Still, I can't recommend Sweet Ali's retail location enough -- it has the most variety of any gluten-free bakery I know, and it seems intent on improving its offerings!  Plus with good proximity (to me) and reasonable prices, expect me to come there more often whenever I'm in the mood for some hardcore carbs. :P

Oh and as a side note, this was an opportunity for me to test out my portable studio... I still have to play around with the lighting some more, but I like the picture quality so far!  :)

Saturday, November 12, 2016

A Walker's Marathon - Part 4

As a continuation to the third part of the story,...

A few things immediately struck me after I had passed through the starting line and, after achieving a nice comfortable rhythm, was on my way to the tunnel leading out of Millennium Park....




Granted most of the runners did slowly inch past me, I expected this for sure; but I was also expecting them to leap far ahead of me like a pack of gazelles. In fact, I was only fractionally slower than most of the surrounding participants, using significantly less leaping and bounding; in some cases I was actually a tiny bit faster! I was able to keep up with the runners for the first couple miles as we crossed the river, looped back down State street, then turned to make our way up north towards Lincoln Park. A necessary restroom break forced a small detour, but after a few minutes of catch-up my brother and I passed a few runners we started off with.

By mile 10, people were getting noticeably tired, and chugging down sports gels like there was no tomorrow. I know it's something of a tradition, but seriously people... don't toss empty Gatorade cups and sports gel containers and wrappers in the middle of the street for other fellow runners to trip on!

By mile 16, I was no longer afraid of being the oddball racewalker because, by that time, EVERYONE around me was essentially racewalking or walking briskly or just plain walking, Only a handful of runners kept at a semi-decent pace, and it was noticeably slower. It could be said that I trained for the latter half of the race as it certainly was pretty much the same from this point forward for all but the last mile...

Only by mile 22 did I begin feeling some uncomfortable knee pain, and not the kind that could be resolved by stopping to stretch, rather an odd sensation that my knee was clicking in place and threatening to do something painful. Fearing that I would dislocate it somehow -- and so close to the end of the marathon no less -- I kept at a much slower pace until near the last dash towards the Finish line. But by then my brother and I amassed a decent time buffer, and we finished the marathon together with a good 30 minutes to spare despite the detour and the slower pace towards the end! It was an amazing moment (immortalized in the picture below!); and the medal, free food, and rest that would follow were a very welcome sight!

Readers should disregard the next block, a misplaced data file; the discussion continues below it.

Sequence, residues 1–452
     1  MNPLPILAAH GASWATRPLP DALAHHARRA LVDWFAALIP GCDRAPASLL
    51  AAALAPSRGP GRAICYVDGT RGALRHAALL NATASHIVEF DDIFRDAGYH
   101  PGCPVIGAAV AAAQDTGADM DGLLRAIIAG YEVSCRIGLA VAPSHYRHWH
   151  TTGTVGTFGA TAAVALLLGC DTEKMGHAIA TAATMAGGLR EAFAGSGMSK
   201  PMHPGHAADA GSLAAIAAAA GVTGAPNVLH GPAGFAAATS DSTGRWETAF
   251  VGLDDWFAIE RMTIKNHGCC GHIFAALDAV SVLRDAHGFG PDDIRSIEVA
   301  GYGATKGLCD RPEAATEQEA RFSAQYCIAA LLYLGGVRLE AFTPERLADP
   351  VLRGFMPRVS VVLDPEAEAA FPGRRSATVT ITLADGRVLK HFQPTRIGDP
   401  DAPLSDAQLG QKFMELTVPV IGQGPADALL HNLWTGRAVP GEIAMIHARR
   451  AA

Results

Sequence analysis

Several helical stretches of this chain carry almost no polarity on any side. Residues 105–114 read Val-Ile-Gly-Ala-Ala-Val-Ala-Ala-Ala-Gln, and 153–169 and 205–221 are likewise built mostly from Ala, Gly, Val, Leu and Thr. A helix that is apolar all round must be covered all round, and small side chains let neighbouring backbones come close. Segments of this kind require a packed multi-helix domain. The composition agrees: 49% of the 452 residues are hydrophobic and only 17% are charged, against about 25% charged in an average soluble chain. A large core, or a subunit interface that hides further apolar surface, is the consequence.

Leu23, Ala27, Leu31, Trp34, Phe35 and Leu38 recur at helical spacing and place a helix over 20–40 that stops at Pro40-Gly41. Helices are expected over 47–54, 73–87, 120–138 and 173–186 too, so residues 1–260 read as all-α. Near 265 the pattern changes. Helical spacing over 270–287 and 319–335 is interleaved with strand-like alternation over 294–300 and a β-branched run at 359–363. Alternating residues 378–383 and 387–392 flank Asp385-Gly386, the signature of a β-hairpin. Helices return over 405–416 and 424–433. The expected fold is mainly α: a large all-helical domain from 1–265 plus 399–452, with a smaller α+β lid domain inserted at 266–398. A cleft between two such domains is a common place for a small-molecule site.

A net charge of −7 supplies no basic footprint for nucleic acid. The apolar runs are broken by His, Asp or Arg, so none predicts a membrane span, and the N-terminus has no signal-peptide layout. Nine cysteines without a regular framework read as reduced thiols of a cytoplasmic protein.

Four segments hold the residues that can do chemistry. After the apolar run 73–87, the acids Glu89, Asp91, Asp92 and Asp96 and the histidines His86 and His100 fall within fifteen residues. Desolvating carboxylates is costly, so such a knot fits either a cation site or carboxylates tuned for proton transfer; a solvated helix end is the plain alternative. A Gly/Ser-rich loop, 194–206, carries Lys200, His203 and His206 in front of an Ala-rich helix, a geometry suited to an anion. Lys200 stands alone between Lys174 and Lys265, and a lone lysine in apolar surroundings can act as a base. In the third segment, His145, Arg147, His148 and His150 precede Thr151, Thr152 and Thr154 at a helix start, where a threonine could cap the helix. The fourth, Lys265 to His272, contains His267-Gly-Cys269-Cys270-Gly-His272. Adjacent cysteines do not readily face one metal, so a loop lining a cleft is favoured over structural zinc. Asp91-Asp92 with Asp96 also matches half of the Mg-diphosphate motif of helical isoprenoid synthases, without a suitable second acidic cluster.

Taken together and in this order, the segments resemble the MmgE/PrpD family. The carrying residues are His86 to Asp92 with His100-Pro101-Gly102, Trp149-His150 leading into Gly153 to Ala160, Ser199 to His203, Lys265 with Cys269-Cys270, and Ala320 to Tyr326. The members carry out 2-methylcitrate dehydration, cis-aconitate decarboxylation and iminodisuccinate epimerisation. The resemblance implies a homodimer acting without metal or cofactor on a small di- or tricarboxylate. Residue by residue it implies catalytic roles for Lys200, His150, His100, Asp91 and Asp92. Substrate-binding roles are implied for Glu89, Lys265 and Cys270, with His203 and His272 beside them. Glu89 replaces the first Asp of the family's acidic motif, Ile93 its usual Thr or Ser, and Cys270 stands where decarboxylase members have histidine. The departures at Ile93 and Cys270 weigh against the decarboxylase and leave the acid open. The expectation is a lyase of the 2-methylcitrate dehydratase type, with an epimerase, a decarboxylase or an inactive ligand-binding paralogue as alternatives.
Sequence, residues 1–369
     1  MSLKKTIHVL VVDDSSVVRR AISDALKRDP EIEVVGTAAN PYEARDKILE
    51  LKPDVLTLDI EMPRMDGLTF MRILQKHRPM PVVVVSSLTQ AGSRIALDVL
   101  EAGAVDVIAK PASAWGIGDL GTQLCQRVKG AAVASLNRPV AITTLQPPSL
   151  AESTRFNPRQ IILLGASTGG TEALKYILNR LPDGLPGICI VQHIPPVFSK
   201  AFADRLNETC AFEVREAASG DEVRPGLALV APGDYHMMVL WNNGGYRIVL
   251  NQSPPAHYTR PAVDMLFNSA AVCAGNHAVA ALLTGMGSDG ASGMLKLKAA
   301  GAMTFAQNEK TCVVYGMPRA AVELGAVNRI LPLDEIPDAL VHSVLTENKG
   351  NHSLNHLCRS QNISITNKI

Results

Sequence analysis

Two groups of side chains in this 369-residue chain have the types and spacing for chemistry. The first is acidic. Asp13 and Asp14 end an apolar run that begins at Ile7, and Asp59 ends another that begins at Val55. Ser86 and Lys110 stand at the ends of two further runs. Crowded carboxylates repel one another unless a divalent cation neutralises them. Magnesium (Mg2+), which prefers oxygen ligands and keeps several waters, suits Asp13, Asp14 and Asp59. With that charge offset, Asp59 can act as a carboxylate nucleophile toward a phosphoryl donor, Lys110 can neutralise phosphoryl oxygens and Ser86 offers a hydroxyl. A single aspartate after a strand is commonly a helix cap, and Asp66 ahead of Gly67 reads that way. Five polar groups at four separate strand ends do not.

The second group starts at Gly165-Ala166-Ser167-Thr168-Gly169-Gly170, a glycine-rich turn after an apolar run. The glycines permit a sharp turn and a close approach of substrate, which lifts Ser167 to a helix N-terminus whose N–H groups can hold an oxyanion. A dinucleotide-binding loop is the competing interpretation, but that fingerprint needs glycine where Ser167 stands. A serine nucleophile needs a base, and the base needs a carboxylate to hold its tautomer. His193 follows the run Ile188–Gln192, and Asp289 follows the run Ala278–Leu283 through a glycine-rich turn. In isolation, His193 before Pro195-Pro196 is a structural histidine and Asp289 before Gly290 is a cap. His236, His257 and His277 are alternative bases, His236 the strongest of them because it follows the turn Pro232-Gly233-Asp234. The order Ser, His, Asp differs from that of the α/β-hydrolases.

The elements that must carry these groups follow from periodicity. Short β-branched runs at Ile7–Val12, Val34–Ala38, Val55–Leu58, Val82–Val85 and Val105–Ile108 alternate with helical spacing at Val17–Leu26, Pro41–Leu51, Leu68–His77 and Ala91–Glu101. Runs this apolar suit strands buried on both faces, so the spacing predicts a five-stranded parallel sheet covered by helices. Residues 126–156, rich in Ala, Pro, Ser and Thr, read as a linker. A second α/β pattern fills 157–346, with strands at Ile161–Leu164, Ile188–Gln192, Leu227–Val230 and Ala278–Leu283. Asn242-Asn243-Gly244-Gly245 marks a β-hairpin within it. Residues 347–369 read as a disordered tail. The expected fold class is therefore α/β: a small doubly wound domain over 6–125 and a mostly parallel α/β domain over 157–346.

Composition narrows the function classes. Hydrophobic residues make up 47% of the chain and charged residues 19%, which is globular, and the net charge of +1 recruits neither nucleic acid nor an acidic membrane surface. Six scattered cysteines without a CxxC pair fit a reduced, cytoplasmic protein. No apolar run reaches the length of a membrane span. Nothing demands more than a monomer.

Granted, I never did escape excruciating post-race pains as I had hoped; certainly racewalking proved to be no less stranger to that likely due to the repetitive movement of my legs for six hours. I felt a bit sore immediately after the race, SUPER sore after I got to my brother's place for victory gluten-free pizza (from Lou Malnati's!), PARALYZINGLY sore by the time I got to my own home, and almost completely immobile the following day (glad I took off work). Even so, whether it was due to post-race treatment or just the more forgiving nature of racewalking on the body, I was more or less functional by Tuesday.

So... hurray!

Now for a few food-based observations:
  • I never got very hungry. This is not meant as a brag, just a curious fact on the ground. Sure, I was craving bananas towards the end, but more for the potassium rather than the hunger (and as luck would have it, all but one stop ran out, boo!).
  • I did munch on some almonds for most of the first half of the marathon, however, so I did had tiny bursts of fat to help fuel me along the way. Once they ran out, and seeing no bananas in sight, dried apples served me well beyond mile 23.
  • For mile 26 I tapped into some nostalgic fervor with a pack of Smarties, which helped remind me why I was there and why I was perfectly comfortable using sugar as a kind of “afterburner”.
  • And after the finish line I never felt the need to gnaw off my arm, nor was I in any rush to go eat anything... other than those DAMN BANANAS, which I could finally relish thanks to the wonderful Jewel-Osco grab bag!
  • My breakfast that morning was a little croquet made with cassava and chorizo, with a miniature banana on the side, making it comparably-equal parts fat, protein and carbohydrates. Despite this, it's possible I was in a state of ketosis as I was consistently energetic throughout the marathon, and I don't recall ever “hitting the wall”.
  • And finally, except after mile 22 and its unfortunate banana shortage, I did not drink Gatorade. Nor did I eat any gels for reasons of preference, nor coffee and pretzels for obvious safety reasons [not wanting to get sick mid-race!].